World For Nature

Banded Krait

Banded Krait (Bungarus fasciatus)

Black Krait

The banded krait (Bungarus fasciatus) is another highly venomous snake found in South and Southeast Asia. It is known for its striking black and yellow banded pattern and potent neurotoxic venom. Here are some detailed points about this species:

Physical Characteristics

  • Size: Banded kraits can grow up to 2.7 meters (8.9 feet) in length, but they are typically around 1.8 meters (6 feet) long.
  • Appearance: They have a distinctive, alternating black and yellow banded pattern along their body. The bands are broad and very conspicuous.
  • Color: The bands are typically bright yellow and black, which serves as a warning coloration to potential predators.


  • Geographical Range: The banded krait is found in South and Southeast Asia, including India, Bangladesh, Myanmar, Thailand, Laos, Cambodia, Vietnam, Malaysia, Indonesia, and southern China.
  • Environment: They prefer a variety of habitats including forests, marshes, agricultural fields, and human settlements. They are often found near water bodies and are known to inhabit burrows, termite mounds, and other hiding places.

Cultural Significance

  • Symbolism: The banded krait, with its striking appearance, is often recognized in local folklore and is sometimes depicted in regional art and mythology.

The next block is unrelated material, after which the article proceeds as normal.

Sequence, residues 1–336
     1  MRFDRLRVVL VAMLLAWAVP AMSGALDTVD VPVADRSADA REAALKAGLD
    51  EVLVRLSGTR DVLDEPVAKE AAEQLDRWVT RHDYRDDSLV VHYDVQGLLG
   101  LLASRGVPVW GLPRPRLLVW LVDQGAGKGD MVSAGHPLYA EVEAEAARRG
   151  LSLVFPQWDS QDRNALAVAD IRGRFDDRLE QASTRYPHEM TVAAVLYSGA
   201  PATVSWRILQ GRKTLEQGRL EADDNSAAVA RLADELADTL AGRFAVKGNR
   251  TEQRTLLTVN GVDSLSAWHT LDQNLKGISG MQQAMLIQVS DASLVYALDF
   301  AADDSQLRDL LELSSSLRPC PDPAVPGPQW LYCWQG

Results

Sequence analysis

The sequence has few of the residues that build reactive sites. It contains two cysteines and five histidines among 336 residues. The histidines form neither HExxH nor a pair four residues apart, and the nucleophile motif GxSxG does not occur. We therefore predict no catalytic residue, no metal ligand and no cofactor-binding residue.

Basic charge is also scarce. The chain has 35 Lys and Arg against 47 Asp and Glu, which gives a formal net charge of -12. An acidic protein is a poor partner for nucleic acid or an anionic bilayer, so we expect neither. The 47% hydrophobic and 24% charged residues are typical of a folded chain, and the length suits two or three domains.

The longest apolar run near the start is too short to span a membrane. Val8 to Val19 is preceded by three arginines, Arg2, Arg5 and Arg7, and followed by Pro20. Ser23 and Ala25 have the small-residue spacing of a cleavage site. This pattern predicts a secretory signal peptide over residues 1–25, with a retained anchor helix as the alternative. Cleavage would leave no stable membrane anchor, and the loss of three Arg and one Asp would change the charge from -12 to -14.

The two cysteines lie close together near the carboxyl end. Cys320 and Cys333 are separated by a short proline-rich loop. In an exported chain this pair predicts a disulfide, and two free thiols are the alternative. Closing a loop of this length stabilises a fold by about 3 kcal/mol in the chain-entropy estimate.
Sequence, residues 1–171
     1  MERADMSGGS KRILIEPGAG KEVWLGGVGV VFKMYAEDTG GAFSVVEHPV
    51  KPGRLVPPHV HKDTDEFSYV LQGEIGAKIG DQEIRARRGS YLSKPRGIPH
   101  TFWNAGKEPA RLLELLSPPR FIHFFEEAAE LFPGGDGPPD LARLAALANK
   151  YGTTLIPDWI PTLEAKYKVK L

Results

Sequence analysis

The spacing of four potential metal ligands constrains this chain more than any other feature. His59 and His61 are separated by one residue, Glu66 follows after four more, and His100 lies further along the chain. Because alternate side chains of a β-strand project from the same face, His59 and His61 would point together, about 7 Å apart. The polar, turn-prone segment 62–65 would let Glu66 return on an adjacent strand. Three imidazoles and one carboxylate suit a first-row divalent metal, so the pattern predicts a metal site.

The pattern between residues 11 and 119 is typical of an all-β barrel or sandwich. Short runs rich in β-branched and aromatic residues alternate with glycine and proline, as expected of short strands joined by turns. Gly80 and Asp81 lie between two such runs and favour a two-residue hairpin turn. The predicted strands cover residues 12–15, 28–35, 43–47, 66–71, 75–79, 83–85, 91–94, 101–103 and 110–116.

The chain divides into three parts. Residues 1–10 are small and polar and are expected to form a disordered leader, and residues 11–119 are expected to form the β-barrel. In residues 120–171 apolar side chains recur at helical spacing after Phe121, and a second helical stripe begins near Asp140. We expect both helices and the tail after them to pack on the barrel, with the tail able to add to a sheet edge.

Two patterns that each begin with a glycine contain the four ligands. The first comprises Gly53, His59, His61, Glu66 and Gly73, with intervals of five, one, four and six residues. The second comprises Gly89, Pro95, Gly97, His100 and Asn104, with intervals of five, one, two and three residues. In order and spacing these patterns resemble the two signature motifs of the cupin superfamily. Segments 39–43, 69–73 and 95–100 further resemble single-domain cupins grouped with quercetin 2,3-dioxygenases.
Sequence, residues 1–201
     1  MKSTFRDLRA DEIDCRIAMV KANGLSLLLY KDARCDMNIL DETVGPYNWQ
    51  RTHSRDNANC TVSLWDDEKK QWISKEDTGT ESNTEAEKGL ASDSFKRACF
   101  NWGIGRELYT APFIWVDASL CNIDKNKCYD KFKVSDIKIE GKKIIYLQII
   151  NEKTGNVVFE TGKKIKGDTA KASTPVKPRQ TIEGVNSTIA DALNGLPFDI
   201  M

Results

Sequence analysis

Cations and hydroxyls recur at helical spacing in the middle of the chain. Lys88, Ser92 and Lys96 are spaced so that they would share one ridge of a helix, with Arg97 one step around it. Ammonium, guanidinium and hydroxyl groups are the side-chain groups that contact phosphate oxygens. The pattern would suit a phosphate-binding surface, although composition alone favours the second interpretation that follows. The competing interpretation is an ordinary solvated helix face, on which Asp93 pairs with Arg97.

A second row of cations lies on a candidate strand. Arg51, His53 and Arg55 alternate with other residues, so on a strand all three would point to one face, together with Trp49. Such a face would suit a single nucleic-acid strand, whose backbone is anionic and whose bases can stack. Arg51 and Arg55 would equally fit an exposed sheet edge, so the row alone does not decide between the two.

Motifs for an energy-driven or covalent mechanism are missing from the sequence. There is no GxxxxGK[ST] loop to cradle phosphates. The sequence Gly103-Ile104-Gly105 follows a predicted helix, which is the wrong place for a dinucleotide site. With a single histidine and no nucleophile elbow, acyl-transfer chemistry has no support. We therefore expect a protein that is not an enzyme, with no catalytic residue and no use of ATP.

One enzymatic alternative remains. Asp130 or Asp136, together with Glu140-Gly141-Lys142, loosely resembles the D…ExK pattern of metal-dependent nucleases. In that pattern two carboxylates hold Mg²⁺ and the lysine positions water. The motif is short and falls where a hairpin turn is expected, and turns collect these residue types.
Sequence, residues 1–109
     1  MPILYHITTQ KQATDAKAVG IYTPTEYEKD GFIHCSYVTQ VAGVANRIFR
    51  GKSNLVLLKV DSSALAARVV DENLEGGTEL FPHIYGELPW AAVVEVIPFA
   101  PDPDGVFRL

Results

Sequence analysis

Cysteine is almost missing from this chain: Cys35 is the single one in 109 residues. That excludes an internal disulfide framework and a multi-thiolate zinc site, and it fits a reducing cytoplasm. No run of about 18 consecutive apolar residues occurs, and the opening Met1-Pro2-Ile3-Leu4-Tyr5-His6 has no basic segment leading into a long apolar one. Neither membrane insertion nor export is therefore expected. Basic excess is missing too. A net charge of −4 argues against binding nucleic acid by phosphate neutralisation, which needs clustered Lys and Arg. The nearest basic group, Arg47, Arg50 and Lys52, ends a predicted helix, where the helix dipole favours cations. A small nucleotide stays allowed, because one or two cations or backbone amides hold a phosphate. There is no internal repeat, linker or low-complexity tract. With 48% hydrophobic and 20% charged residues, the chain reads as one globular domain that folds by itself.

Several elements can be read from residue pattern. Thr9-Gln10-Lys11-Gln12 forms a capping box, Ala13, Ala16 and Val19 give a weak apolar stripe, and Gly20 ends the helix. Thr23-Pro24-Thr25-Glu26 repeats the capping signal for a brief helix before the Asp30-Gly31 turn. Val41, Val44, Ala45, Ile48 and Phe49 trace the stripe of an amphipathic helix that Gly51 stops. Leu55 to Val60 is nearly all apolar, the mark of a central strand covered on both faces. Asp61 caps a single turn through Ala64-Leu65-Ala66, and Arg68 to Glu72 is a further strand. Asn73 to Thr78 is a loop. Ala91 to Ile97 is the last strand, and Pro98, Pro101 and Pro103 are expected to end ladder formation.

• Mythology and Folklore: In some cultures, banded kraits are associated with mysticism and are sometimes considered to have supernatural attributes.

Conservation Status

  • Threats: The main threats to banded kraits include habitat loss, road mortality, and killing by humans out of fear.
  • Conservation Efforts: Efforts to conserve banded kraits focus on habitat protection and raising public awareness to reduce human-snake conflict. Conservation organizations also work to ensure that kraits are not indiscriminately killed and that their ecological roles are understood and respected.
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